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Wednesday, 26 March 2014
Page: 3277


Mr GILES (Scullin) (18:38): I am very pleased that the member for Higgins has such confidence in the economic outcomes of the deregulatory agenda the parliamentary secretary is pursuing. On the evidence to date there is no basis for any such confidence, given his answer to the question about the financial impact of the legislation that is before us. I think he pleaded to about $13 million today.

Mr Hartsuyker: It is a public document!

Mr GILES: Indeed. So, what a red-letter day this has turned out to be. All the hype and triumphalism of last week has just faded away. But, there still remains this discordance between the incredible language we hear in this debate, which sits so poorly next to the substance of the matters before us.

I think it is worth reflecting on this. All of us in this place are opposed to unnecessary regulation.

Mr Nikolic: Hear, hear!

Mr GILES: Thank you, Member for Bass.

Mr Nikolic: Not very genuine!

Mr GILES: On this side of the House—

Mr Nikolic: Why didn't you do it over six years?

Mr GILES: Listen for just a moment and you might learn something. I do not think so, but you might. On this side of the House we focus our attention on the question of necessity, not blind opposition to regulation per se. We recognise there are real choices to be made in this place, and rhetoric can be no substitute for those choices. As the member for Fraser said earlier today, it is not the number of regulations but their quality. That fact has become more and more true through the course of what has passed for today's debate on this subject.

It is interesting that before I came here I was—

Mrs Prentice: In the union movement—

Mr GILES: at an event in this House that showed the bipartisanship can take place in this House from time to time. It was a fantastic event. I was listening to a great trade unionist, as the member for Ryan can say. It was the president of the Australian Medical Association, the sort of union that gets some kudos—and I see the nods. That great unionist, Mr Steve Hambleton, was talking about very significant social issues relating to alcohol abuse, with a particular focus on foetal alcohol spectrum disorders—matters that I think are of genuine concern to all of us in this place.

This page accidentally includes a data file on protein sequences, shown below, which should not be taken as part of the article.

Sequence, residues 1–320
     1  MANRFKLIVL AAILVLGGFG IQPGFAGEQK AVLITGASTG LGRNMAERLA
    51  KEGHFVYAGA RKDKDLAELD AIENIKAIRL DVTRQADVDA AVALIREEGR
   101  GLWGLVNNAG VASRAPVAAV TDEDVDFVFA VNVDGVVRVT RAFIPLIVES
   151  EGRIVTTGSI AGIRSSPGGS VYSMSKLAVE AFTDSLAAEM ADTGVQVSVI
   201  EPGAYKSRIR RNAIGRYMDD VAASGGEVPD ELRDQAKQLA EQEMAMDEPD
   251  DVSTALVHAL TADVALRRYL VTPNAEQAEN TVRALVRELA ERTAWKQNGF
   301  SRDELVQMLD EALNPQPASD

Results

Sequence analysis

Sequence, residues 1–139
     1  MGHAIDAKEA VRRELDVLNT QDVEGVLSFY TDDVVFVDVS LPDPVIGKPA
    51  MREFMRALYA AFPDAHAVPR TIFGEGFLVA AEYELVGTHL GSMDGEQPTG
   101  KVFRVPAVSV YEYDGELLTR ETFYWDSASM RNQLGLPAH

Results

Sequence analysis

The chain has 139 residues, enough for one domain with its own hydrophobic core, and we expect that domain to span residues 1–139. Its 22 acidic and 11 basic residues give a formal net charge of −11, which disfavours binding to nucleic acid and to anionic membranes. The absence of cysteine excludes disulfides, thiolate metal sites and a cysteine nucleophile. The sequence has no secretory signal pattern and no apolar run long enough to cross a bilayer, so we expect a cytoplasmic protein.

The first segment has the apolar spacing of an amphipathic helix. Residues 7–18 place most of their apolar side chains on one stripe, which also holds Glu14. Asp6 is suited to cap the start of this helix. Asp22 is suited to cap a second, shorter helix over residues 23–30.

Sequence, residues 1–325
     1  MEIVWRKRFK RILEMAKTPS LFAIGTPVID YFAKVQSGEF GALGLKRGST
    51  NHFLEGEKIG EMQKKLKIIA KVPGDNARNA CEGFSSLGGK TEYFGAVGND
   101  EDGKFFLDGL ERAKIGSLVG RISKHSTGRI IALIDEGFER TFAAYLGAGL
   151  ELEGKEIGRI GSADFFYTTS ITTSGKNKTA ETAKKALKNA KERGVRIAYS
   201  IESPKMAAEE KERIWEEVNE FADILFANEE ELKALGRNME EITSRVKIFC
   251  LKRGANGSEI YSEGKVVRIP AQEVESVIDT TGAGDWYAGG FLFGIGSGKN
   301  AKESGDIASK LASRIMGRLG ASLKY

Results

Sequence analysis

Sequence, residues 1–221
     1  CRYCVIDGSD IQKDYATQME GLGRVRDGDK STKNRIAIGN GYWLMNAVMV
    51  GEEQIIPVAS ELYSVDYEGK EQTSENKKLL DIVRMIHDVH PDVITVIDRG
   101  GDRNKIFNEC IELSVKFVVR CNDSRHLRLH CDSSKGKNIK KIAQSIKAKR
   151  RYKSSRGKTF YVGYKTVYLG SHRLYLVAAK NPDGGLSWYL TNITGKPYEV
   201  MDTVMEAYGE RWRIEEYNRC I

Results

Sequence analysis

What is really leading us as decision makers in this place? Is it blind faith in the market—that the alcohol manufacturers and the supermarkets are going to fix this great social problem? We are being asked to explore some regulatory solutions, as we should, as we must, and as I hope we will. As the member for Isaacs said, legislation of this type has a very long tradition in this place, going all the way back to a former member for Kooyong, who also had some other attributes in his public service.

We are all supportive of ensuring that the statute books are kept in order and up to date, in an efficient manner. This is appropriate and it is supported by Labor. But this time we are told that it is apparently different. We are having a bonfire. In fact, according to the member for Wright we are doing housekeeping and having a bonfire, which strikes me as a difficult combination. But it is more than that. In the second reading we also had this this sepia-toned homage to Sir Robert Menzies—and I think it is important on this day to note the honorific—a paean to the founding myths of the Liberal Party, accompanied by that great straw man of members opposite: the nanny state.

What we should reflect on, if we are interested in deregulation, is that Labor in government actually had a real deregulatory agenda—not ideological rhetoric dressed up as something more than what it is. The Seamless National Economy effectively did tackle the cost of inconsistent and unnecessary regulation. The Productivity Commission, as the member for Gellibrand was touching on upon in a slightly different context, quantified the impact of the Seamless National Economy reforms on productivity as having increased GDP in the order of $6 billion per annum.

I would like to make a more wide-ranging contribution to this debate, but obviously the government's confidence in it has meant that our consideration has been caught short. I would like to go back to two questions of deregulation for the parliamentary secretary.

I will start with knights and dames and the restoration of yesterday, which gives us to a very useful pointer to some necessary deregulation. I asked myself how unsatisfactory it is that Australia's Prime Minister needed the sign-off from the Queen to effect this signature reform of the government. I ask if there is any consideration on behalf of the parliamentary secretary to remove this imperial impediment to good governance and attend to this deregulation and end this unnecessary duplication. Perhaps this would also enable an Australian head of state. Perhaps he could also consider how the changing Approval of Care Recipient Principles to Approval of Care Recipients Principles— (Time expired)